AT&T buys Verizon’s spare 4G spectrum so it can soup up its LTE networks

Verizon Wireless(s vz)(s vod) is making good on its promise to the FCC to return its extraneous 700 MHz to the market, and the principle buyer turns out to be the country’s other mega-carrier, AT&T(s t). Verizon will give AT&T 39 lower-700 MHz licenses in some of the country’s biggest cities in exchange for $1.9 billion in cash and four licenses in an alternate 4G band.

It took some time, but this transaction was destined to happen due to the present state of AT&T’s LTE network. The new 4G network AT&T has launched nationally in most cases utilizes 20 MHz of spectrum, making it a megahertz-for-megahertz Verizon match. But in a several key markets like Chicago, Los Angeles and Miami, AT&T had only has licenses adding up to 10 MHz, and has been forced to deploy half-capacity networks in those cities.

So it should come as no surprise that cities topping the sales receipt are Chicago, LA and all of the other markets where AT&T doesn’t have a full complement of 4G airwaves. AT&T will now be able to normalize its LTE bandwidth in all of the country’s major cities before it even has to start thinking about its next stage LTE deployment. Speaking of which, AT&T just closed its purchase of NextWave’s Wireless Communications Service (WCS) airwaves this week, which will give it the frequencies to deploy an entirely new LTE network in the 2.3 GHz band.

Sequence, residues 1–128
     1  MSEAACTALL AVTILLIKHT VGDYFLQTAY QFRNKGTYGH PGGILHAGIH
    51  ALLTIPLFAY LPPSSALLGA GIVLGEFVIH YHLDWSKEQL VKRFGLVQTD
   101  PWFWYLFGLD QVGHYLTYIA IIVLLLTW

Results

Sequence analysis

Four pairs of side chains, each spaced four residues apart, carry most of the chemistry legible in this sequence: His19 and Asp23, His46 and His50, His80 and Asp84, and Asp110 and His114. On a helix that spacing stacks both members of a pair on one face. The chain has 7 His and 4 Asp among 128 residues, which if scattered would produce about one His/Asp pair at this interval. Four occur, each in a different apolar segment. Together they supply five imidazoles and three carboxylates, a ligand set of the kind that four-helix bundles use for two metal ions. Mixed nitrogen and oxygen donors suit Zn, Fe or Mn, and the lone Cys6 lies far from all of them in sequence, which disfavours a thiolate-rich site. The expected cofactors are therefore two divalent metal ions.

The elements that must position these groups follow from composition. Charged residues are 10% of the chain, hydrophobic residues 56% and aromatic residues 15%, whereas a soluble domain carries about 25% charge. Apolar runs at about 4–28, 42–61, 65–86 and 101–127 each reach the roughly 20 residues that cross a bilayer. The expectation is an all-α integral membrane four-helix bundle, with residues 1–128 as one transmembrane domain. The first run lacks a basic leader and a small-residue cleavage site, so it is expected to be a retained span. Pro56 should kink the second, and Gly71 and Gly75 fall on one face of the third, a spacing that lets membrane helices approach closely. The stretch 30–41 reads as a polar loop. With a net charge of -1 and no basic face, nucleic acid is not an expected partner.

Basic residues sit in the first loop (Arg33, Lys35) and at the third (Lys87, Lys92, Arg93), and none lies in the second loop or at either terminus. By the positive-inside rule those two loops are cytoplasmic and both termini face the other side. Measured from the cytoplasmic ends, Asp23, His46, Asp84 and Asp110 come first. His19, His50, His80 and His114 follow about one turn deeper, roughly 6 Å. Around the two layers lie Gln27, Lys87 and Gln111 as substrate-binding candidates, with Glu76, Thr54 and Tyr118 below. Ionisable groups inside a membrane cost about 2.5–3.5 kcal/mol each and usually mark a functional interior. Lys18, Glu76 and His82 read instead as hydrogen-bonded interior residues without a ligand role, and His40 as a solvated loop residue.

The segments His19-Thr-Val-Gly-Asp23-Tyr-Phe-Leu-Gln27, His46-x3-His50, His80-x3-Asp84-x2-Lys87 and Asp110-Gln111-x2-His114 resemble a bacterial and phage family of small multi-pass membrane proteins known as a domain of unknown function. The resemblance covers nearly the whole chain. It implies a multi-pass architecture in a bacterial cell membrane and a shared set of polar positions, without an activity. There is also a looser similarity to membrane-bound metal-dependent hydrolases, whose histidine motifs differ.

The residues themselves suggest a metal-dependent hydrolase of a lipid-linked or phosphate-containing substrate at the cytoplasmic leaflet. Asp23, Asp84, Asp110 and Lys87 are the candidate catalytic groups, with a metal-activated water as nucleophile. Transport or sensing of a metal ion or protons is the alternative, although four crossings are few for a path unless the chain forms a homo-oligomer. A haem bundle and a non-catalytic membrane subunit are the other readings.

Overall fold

Verizon not only comes out of this with almost $2 billion, but it gets some key licenses in the Advanced Wireless Services (AWS) band, which is where Verizon plans to deploy phase 2 of its own LTE network (the current 4G rollout is in the upper 700 MHz). Specifically it’s getting 10 MHz spectrum in Los Angeles; Phoenix; Fresno, Calif.; and Portland, Ore.

Verizon also announced it is selling 700 MHz licenses to private equity firm Grain Management for $189 million in the North Carolina markets of Charlotte, Greensboro and Raleigh-Durham. It will also lease an AWS license from Grain in Dallas.

While today’s deals were obviously blockbuster sales, Verizon has now closed 35 of them with companies across the company. Back in April, Verizon promised regulators it would sell off its lower 700 MHz holdings in order to coax the FCC and Department of Justice into approving its massive cable spectrum buy. As of today, Verizon said in its policy blog, that sale process is now over.